Monday, January 01, 2007

Ricky Gervais Made Me Weep, Stephen King Warms My Heart, Poorly Done Vampire Novels are Crap.

Convalescing recently has given me the opportunity to get through a lot of audiobooks so I have some observations for you:

Want a great example of why audio is sometimes the way to go? Try:

Born to Kvetch by Michael Wex

It's a book about the Yiddish language primarily and it's quite scholarly. Learning about the language requires learning about everyday Jewish life and Jewish customs so it's very educational beyond the linguistics. But beyond even this is the fact that's it's funny as hell. For instance he explains why someone might refer to himself as a schmuck but never as a putz, although at a basic level they are both slang for the same thing. He's not afraid to use equally vulgar English phrases in comparison either. It's not just a naughty book but if you like that kind of thing, it's in there too.

Audio is the only way to learn about a language – you must hear it spoken to understand how it flows.

How about some comedy?

Larry Miller's Spoiled Rotten America is a great book. Miller's observations are mostly standard quality comedy but some little things in here are great. I won't ruin it for you though. He does explain how we can fix The Godfather III though, which is priceless.

Next up is Little Children by Tom Perrotta. This starts out a little like a Lifetime movie but soon turns into something deeper. Not much deeper but it's a good listen. Plus the upcoming movie has a great cast: Kate Winslet, Jennifer Connelly, and a grown up and creepy Jackie "Bad News Bears" Earle Haley.


Now let's talk about a book to avoid:

Undead and Unappreciated by Mary Janice Davidson. We can credit Davidson for some spectacularly bad writing and Nancy Wu for capturing it in her annoying performance. It’s not even Wu's fault. The main character is a newly turned vampire queen named Betsy. Even the completely unnecessary sex scene is poorly done. I'm rating this one: crap on a stick.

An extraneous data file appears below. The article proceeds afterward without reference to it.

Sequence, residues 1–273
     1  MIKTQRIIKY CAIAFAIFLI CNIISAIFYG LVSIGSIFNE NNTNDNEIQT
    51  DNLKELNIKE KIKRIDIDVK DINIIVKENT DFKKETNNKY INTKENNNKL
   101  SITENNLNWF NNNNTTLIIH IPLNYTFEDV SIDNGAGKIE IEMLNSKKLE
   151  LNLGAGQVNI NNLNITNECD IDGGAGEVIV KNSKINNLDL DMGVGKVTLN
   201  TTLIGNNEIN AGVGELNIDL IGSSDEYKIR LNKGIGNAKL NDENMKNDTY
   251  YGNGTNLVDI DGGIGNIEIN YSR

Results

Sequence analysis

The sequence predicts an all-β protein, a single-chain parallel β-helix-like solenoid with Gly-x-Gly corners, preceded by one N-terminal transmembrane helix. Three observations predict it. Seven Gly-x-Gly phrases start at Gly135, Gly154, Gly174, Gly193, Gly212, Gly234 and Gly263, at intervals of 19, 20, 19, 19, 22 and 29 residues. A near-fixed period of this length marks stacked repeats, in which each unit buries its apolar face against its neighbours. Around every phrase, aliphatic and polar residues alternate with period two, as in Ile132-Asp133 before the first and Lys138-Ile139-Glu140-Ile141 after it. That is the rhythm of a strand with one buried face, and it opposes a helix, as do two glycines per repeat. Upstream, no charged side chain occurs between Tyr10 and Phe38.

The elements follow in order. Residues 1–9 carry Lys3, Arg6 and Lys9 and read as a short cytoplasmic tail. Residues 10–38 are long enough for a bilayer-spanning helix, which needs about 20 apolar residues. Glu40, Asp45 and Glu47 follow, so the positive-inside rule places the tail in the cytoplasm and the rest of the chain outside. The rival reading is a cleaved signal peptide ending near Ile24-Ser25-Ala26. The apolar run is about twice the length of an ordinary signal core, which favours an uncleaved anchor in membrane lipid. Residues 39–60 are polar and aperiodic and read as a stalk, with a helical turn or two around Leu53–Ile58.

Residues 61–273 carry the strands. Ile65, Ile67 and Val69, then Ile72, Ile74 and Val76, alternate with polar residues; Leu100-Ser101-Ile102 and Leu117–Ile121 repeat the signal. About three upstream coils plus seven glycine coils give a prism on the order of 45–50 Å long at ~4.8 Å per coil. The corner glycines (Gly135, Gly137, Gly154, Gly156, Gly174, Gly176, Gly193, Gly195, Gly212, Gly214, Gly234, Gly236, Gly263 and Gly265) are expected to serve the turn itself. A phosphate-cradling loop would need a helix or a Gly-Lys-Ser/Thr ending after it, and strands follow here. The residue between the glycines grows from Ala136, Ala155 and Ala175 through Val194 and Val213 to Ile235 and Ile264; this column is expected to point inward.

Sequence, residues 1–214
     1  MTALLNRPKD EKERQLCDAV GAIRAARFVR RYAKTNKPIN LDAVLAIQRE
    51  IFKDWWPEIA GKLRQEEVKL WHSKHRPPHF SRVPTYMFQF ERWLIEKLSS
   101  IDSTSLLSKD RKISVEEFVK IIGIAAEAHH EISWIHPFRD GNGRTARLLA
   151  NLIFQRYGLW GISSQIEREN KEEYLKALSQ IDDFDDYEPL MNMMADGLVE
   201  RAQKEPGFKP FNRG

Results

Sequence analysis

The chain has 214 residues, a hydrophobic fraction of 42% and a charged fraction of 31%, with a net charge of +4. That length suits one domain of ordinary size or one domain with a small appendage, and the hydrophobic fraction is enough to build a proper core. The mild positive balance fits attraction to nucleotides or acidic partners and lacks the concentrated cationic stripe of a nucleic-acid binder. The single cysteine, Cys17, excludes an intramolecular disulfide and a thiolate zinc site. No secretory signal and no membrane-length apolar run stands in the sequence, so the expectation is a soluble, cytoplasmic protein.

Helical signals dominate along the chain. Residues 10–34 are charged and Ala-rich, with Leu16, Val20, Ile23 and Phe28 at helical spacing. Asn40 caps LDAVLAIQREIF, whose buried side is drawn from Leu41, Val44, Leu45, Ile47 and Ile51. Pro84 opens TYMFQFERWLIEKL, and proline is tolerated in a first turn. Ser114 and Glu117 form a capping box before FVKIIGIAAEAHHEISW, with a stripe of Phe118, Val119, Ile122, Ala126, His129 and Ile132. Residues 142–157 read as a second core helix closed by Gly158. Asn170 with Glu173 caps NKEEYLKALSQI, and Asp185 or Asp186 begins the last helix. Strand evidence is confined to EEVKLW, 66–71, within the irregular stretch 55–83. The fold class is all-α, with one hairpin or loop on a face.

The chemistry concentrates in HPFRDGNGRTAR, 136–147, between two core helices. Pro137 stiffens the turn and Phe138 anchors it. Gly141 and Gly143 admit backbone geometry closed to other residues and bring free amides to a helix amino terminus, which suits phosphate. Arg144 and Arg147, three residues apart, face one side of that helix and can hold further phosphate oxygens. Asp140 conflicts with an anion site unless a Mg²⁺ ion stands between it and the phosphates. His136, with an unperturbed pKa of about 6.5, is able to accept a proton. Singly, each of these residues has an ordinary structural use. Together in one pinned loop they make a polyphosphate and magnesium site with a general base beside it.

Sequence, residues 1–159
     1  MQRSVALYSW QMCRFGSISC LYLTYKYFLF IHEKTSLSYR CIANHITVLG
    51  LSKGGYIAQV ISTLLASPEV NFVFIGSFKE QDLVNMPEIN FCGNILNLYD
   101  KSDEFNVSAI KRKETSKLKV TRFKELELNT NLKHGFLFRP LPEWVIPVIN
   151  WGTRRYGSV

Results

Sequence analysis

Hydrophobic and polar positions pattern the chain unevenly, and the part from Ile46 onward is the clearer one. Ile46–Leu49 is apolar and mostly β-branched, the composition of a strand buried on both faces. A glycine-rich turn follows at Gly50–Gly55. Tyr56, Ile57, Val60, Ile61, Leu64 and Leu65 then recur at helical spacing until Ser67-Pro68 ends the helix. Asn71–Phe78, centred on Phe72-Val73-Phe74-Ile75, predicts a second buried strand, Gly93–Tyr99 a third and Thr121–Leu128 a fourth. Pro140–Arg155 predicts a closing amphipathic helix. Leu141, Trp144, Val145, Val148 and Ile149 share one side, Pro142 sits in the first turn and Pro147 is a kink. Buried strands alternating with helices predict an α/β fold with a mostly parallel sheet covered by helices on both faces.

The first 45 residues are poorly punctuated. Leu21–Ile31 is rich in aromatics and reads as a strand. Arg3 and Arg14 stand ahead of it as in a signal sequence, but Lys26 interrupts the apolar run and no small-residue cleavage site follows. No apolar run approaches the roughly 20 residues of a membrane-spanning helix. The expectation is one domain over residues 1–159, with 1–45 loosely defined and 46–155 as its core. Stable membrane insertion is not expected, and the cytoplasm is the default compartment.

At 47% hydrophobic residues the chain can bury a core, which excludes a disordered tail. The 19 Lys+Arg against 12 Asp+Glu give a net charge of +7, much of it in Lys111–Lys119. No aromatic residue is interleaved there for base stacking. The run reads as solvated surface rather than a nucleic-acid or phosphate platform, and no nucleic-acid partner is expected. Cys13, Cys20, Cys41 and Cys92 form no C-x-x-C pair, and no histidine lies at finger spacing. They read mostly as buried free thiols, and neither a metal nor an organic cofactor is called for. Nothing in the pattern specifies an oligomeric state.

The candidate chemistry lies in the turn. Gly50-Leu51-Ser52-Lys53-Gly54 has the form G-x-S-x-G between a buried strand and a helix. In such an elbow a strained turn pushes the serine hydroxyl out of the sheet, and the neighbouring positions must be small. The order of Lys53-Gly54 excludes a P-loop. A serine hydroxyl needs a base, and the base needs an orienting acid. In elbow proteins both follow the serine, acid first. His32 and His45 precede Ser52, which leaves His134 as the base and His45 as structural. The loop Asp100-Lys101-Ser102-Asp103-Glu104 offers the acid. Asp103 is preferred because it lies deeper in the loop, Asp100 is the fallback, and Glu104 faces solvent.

Another to take a pass on but for different reasons is Blood Hunt by Ian Rankin.
Sometimes when good writers write under pseudonyms, they should let the secret stay a secret. I only bought this book because Rankin wrote it but this is a sorry knock-off of First Blood. David Morrell is not as good a writer but tells a better story than this. Sorry Ian, the next time I'm up for a good Scottish thriller, I'll pick up a Val McDermid or a Denise Mina book instead.

Next onto historical fiction: The Last King of Scotland by Giles Foden is interesting but about 3 hours too long. I'm still interested in seeing the movie with Forest Whitaker as Idi Amin, though. I'd say wait for the movie.

The best fiction I've listened to in some time has got to be Hearts In Atlantis by Stephen King read by William Hurt. Stephen King is a great storyteller and can always draw me in. I'm still listening to this one but I am enjoying every word.


Also good is Nature Girl by Carl Hiaasen. Hiaasen is always a good read and this is no exception. If you've never read him before, also check out: Double Whammy, Skin Tight, Lucky You, Sick Puppy, and Tourist Season… among others.


The best surprise I've had in audio is the Ricky Gervais show. Audible.com has it and I gather it's on iTunes too. It's hil-arious. At first I wasn't sure I'd like it because the gist of the show is that Ricky and his friend Steve pick on their producer Karl Pilkington. But Karl's observations are so… well: idiot/genius. I almost never laugh out loud at any comedy under any setting but I was laughing so hard I was in tears. I cannot listen to this in bed because Kelli thinks I'm having a seizure.

2 comments:

John Cowart said...

Hi Eric,

Glad you are feeling well enough to listen to those audiobooks.

Carl Hiaasen is one of my favorites too. I read his Nature Girl last month and wrote about something I learned from it back on December 14th.

I hope you continue to improve and thrive.

Charred said...

For vampire novels, you want P.N. Elrod.